Strange as it may seem now, a few years ago, after having flown around the world all my life, I developed a massive fear of flying. I don’t know if any of you reading this have ever felt such irrational fears? It got to the point where I would embark and with every turn, bump or even sound I thought the plane was going down. Anyone who got up to the toilet I would scrutinize as I thought they were a terrorist. If someone had said put a gun to your head and play Russian roulette or board and fly on a plane, I would have felt safer to pull the trigger. Enclosed, trapped, no way out, no control. Horrible. So, I made a stand and said no more flying. For the next THREE years I traveled everywhere by coach, train or car. My family would set off and I would join them, sometimes thousands of miles away a few days later.
For those who haven’t experienced them, coach journeys are long, smelly and worst of all you meet and can’t escape from weirdos. This wasn’t quite life in the fast lane. So, I decided it was time, time to fight to the fear. After 3 years of remaining Earth bound, I booked two flights to somewhere not too far, but somewhere where I had always wanted to go – Rome. It took a lot for me to make that first journey, but facing my fears is what I had to do. The city was so wonderful, the sites so interesting. It was then that I vowed never to let fear hamper my life again.
I would greatly recommend going inside the Colosseum and and buying the Colosseum Tour. We did ours through SP.Q.R tours, which gave us a free tour of the Palatine Hill and the Forum Panorama. Really I felt that this day was the highlight of our trip. Just a short walk away, up a large boulevard is the majestic Victor Emmanuel monument. In the evening I would recommend Plaza di Fiori, where we had wine and listened to beautiful music. Another must see is the Pantheon, an architectural marvel, which is close to the Fontana di Trevi and Piazza Navona where I had the best Capuccino ever! Just walking round the little streets and finding a pretty cafe is really romantic in this city. We had a week, so we also went to see the Circus Maximus and the abandoned Roman Baths, which are further out. The weather that day was stormy, so we got some great atmospheric shots. It was incredible how the murals were just left to the rain and it was even possible to walk on them. This city just has so much culture and history. In most cities this would be the main attraction! Plaza del Popolo was lively and this was the best place for shopping! Villa Burghesa offered great views over the city. I would recommend hiring an electric tuk tuk to pedal round the grounds.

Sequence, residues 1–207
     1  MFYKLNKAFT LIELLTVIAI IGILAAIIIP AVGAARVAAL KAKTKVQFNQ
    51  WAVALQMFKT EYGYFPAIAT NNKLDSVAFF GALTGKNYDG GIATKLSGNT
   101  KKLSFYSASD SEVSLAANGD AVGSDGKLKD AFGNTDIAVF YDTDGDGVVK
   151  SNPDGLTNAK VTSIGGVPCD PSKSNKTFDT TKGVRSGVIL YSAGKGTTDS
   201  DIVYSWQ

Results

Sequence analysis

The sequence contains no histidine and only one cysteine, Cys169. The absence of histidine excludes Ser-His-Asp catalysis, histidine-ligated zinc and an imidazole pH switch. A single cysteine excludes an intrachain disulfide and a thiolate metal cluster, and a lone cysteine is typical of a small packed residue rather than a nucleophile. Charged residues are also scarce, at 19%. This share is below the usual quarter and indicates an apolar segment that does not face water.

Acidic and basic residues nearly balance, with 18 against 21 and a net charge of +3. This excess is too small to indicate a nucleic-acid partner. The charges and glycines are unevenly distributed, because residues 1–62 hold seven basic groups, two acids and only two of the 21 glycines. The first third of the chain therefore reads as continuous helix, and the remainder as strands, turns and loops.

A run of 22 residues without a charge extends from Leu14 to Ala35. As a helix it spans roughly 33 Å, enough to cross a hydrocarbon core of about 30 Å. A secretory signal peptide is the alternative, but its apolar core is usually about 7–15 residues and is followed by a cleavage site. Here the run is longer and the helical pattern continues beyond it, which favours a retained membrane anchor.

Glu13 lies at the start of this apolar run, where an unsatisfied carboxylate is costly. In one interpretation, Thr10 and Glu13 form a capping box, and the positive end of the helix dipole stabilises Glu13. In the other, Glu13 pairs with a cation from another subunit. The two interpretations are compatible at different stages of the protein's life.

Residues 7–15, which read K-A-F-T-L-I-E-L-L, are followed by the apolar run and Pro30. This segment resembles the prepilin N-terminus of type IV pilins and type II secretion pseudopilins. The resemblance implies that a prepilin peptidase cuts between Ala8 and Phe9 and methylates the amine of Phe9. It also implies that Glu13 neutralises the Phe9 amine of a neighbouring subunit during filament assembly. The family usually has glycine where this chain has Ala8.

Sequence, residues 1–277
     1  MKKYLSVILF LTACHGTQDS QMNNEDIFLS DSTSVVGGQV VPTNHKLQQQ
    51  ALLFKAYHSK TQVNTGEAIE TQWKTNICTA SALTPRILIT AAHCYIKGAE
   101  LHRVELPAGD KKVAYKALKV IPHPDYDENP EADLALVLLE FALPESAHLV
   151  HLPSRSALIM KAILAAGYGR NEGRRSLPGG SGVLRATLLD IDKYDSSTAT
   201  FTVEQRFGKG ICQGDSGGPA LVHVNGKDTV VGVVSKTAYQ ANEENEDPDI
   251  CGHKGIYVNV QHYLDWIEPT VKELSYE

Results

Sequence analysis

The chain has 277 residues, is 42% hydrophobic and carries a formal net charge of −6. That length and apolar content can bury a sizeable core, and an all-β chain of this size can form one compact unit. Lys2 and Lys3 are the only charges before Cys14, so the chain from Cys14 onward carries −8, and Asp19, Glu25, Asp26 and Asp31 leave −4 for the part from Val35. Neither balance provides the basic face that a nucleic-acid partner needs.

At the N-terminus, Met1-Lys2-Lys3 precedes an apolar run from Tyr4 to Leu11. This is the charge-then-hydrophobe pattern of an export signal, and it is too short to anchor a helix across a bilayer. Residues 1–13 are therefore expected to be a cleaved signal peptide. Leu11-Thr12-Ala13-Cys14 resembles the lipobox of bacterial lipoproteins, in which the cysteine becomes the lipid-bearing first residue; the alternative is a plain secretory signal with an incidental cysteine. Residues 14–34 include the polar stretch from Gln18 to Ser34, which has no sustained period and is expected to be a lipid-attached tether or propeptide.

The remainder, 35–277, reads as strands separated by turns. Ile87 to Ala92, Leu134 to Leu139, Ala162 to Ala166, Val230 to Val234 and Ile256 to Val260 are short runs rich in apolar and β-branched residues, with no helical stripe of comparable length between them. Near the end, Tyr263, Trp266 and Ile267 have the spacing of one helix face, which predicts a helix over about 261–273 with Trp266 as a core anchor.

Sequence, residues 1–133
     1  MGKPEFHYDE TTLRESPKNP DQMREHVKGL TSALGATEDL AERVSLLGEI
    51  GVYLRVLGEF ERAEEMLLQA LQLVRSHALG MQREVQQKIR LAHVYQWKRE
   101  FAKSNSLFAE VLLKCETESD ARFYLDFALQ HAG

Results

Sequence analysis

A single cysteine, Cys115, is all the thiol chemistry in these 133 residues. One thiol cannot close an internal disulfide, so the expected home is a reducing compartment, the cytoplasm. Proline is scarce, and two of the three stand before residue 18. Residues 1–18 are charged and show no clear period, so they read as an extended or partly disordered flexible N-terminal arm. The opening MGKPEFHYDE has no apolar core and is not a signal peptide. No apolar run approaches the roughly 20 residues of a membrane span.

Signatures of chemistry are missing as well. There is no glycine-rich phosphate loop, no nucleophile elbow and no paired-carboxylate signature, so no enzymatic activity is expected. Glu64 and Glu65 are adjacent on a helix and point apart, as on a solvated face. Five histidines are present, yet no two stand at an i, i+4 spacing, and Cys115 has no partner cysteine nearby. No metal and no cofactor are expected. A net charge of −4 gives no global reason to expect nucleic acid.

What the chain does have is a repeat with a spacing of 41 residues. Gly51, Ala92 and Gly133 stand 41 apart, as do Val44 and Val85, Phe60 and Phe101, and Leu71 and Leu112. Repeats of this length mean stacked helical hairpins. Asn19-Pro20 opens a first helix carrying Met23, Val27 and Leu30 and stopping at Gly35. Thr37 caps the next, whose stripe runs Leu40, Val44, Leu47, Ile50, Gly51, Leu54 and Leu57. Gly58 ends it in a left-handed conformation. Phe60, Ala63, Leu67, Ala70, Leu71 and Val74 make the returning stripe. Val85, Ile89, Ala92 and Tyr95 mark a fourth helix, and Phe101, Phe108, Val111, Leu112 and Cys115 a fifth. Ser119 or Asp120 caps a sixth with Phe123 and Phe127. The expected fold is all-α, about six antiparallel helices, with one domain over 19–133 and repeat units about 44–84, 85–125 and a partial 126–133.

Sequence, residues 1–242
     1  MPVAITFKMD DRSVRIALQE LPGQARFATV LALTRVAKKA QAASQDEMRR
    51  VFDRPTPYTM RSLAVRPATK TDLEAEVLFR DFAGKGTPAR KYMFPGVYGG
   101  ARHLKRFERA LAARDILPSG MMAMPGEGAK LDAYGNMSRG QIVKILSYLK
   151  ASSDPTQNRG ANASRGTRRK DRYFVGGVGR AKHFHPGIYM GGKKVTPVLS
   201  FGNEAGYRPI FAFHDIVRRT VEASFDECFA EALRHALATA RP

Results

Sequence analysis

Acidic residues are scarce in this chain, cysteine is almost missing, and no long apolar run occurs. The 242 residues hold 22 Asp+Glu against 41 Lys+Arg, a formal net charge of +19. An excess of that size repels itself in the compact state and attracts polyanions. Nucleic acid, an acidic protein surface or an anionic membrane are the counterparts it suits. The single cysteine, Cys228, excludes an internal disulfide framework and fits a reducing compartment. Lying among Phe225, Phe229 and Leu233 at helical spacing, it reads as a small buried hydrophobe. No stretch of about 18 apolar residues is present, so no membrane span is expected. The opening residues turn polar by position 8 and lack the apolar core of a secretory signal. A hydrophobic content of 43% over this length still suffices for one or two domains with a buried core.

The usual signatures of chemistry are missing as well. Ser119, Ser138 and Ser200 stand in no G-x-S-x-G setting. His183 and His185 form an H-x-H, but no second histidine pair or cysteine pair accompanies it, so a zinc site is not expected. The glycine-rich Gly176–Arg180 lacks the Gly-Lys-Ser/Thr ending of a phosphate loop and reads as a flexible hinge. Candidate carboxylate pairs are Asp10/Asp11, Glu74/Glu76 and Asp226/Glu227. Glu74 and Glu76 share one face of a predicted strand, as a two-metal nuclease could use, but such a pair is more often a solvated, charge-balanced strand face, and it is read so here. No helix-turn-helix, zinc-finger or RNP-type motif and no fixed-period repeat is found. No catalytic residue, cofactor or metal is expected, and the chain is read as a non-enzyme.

Finally, the Vatican, a whole country in itself, with nuns and gigantic religious statues galor. Vatican City, one of the most sacred places in Christendom, attests to a great history and a formidable spiritual venture. A unique collection of artistic and architectural masterpieces lie within the boundaries of this small state. At its centre is St Peter’s Basilica, with its double colonnade and a circular piazza in front and bordered by palaces and gardens. The basilica, erected over the tomb of St Peter the Apostle, is the largest religious building in the world, the fruit of the combined genius of Bramante, Raphael, Michelangelo, Bernini and Maderno. We did the tour, but apart from enabling us to jump the queue (which was massive), I wouldn’t really recommend it. A great way to bypass this is to read to Angels and Demons by Dan Brown (one of my favorite books) and look out for all the places referred to and discussed in that. When you go to the Vatican don’t forget to bring some food and water with you, as your day will be long and there are no places to buy anything once inside. Don’t forget to see Castle Sant’ Angelo on your way back to the city.